The investments in the light of new strategy encompasses four components: infrastructure, physical border obstacle systems, technological border surveillance systems and border lightening systems. This might seem fairly straightforward but as it mentioned before Türkiye has nearly 3.000 kilometers land border, with difficult climatic conditions especially at Iran border, and an average altitude of 2500 meters. Political relations with neighboring states also make every single effort harder.

With that in mind we can start with infrastructure. Turkish border cities, especially cities at Iranian border are far away from border line. There is no residential area nearby, due to climate and altitude, agricultural activities are not rich, and the road network is not good. Historically, these areas did not need an improved infrastructure. But after the migration waves from the eastern border of Türkiye, these areas emerged as one of the busiest migration route. There was a need for energy transmission lines that would provide the necessary power to high-tech border surveillance systems, and patrolling roads that would allow immediate intervention to border units.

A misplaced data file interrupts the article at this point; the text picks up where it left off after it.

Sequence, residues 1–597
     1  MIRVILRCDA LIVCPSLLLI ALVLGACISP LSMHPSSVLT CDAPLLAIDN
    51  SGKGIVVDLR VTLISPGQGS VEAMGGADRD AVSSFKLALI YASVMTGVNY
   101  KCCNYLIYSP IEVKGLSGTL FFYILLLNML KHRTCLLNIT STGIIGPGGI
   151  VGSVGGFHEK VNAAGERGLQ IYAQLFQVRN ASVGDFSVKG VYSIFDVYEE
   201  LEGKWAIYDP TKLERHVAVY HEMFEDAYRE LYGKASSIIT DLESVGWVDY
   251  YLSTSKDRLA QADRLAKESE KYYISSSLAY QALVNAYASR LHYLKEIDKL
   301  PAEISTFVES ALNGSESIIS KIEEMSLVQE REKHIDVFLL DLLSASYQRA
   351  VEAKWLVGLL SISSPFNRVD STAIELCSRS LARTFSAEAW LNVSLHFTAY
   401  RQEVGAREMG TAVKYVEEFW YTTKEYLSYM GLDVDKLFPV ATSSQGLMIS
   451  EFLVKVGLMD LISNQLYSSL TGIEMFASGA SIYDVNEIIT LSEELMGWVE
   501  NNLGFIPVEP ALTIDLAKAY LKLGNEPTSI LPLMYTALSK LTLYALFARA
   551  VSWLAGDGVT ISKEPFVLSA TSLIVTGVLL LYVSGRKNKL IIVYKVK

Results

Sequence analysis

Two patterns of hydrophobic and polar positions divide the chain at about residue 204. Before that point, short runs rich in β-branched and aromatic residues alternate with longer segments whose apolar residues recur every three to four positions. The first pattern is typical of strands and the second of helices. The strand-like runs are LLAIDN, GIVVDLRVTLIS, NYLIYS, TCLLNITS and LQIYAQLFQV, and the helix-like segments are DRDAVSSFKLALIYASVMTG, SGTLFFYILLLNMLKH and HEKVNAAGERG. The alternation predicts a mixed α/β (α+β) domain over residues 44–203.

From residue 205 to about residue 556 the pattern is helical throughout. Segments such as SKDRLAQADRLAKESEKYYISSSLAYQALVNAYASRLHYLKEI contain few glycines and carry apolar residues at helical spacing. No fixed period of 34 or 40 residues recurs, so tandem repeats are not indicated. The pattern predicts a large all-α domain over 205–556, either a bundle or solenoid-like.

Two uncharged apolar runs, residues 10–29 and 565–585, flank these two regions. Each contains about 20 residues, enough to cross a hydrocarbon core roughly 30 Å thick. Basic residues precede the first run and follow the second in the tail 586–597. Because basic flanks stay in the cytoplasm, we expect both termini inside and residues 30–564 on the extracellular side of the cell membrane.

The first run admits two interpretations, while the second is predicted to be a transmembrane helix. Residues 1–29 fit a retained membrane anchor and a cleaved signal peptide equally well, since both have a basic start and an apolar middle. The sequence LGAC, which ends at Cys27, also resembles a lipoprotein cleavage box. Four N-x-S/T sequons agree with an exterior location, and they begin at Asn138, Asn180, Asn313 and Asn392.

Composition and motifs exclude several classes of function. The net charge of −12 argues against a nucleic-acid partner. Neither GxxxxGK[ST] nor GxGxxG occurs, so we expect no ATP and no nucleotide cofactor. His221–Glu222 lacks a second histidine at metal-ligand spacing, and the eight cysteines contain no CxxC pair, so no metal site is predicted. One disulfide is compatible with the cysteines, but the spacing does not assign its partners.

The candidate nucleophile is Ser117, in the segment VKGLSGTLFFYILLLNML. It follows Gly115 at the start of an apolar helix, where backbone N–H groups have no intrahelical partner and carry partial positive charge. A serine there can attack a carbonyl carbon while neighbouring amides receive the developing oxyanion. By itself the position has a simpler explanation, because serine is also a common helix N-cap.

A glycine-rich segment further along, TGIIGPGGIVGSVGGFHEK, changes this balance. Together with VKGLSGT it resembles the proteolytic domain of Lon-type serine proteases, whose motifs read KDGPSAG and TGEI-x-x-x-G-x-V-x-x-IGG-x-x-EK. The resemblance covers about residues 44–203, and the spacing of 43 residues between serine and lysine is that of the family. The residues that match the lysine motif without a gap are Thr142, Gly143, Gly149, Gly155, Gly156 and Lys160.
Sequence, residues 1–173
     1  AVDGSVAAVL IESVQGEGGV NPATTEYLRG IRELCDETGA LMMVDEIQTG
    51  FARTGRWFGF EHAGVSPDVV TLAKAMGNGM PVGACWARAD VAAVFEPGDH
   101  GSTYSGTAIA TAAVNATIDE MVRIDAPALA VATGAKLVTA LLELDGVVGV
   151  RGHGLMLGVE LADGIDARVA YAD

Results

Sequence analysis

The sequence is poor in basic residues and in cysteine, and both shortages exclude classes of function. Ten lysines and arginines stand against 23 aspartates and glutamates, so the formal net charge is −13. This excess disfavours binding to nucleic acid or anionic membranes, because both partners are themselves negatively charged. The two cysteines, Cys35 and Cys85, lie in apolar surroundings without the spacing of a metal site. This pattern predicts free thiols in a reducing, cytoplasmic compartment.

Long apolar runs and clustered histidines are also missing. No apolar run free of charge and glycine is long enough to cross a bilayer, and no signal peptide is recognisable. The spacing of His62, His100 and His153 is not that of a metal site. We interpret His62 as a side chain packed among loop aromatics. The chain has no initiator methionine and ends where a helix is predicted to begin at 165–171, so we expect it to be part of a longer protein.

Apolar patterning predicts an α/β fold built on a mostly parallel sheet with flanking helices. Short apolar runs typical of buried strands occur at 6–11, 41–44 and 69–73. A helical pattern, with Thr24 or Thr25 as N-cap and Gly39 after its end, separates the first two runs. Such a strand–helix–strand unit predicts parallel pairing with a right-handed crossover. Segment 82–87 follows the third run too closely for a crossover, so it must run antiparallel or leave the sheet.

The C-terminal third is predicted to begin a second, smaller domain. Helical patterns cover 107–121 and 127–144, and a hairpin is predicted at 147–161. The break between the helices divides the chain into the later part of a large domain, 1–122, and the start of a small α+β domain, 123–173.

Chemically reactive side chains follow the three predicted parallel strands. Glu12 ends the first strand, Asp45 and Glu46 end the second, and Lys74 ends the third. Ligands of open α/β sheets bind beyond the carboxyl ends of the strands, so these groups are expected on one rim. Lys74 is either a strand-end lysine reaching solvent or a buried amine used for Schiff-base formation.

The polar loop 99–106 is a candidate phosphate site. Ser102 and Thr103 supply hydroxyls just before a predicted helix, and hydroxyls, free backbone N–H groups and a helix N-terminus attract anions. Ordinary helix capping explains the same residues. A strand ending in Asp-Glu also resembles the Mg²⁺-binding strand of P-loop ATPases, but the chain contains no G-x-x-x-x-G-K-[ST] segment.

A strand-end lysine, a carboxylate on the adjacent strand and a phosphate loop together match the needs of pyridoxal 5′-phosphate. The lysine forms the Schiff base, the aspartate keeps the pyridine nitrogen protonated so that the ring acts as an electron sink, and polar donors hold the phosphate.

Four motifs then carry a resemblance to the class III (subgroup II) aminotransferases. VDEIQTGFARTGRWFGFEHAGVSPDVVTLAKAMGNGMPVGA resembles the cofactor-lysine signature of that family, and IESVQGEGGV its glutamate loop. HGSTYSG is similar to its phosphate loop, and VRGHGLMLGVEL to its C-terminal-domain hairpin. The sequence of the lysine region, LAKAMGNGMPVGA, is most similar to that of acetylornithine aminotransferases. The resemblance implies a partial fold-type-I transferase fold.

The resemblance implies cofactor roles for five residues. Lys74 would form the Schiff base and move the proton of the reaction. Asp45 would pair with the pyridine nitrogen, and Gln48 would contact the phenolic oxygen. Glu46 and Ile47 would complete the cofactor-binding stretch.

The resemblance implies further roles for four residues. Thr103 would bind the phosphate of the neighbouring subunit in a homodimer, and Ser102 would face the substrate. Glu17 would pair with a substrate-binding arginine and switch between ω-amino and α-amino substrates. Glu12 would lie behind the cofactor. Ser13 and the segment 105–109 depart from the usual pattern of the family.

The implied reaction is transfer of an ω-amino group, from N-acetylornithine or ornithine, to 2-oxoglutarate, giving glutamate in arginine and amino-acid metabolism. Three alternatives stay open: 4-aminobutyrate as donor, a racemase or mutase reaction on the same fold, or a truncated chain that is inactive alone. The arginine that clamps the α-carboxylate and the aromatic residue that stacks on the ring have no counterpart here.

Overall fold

Secondly, physical border obstacle systems, the general name of systems such as modular concrete walls, wire fences, trenches, vary according to the topographic structure of the region and the demands of the border units. Although it is a clear that it is impossible to prevent immigrants who have crossed thousands of kilometers with 4-meter concrete walls, physical barrier systems create a deterrent impression, prevent mass illegal border crossings, make large-scale smuggling difficult, and most importantly, create extra time for border units to intervene. Another beautiful aspect of the border physical security systems is that Türkiye, which is a party to the Ottawa treaty, serves the goal of getting rid of antipersonnel and antitank mines. The routes chosen for the construction of the border physical security systems ensure that the minefields in the region are carefully cleared. Thus, while contributing to border security, an outdated border security method is also avoided.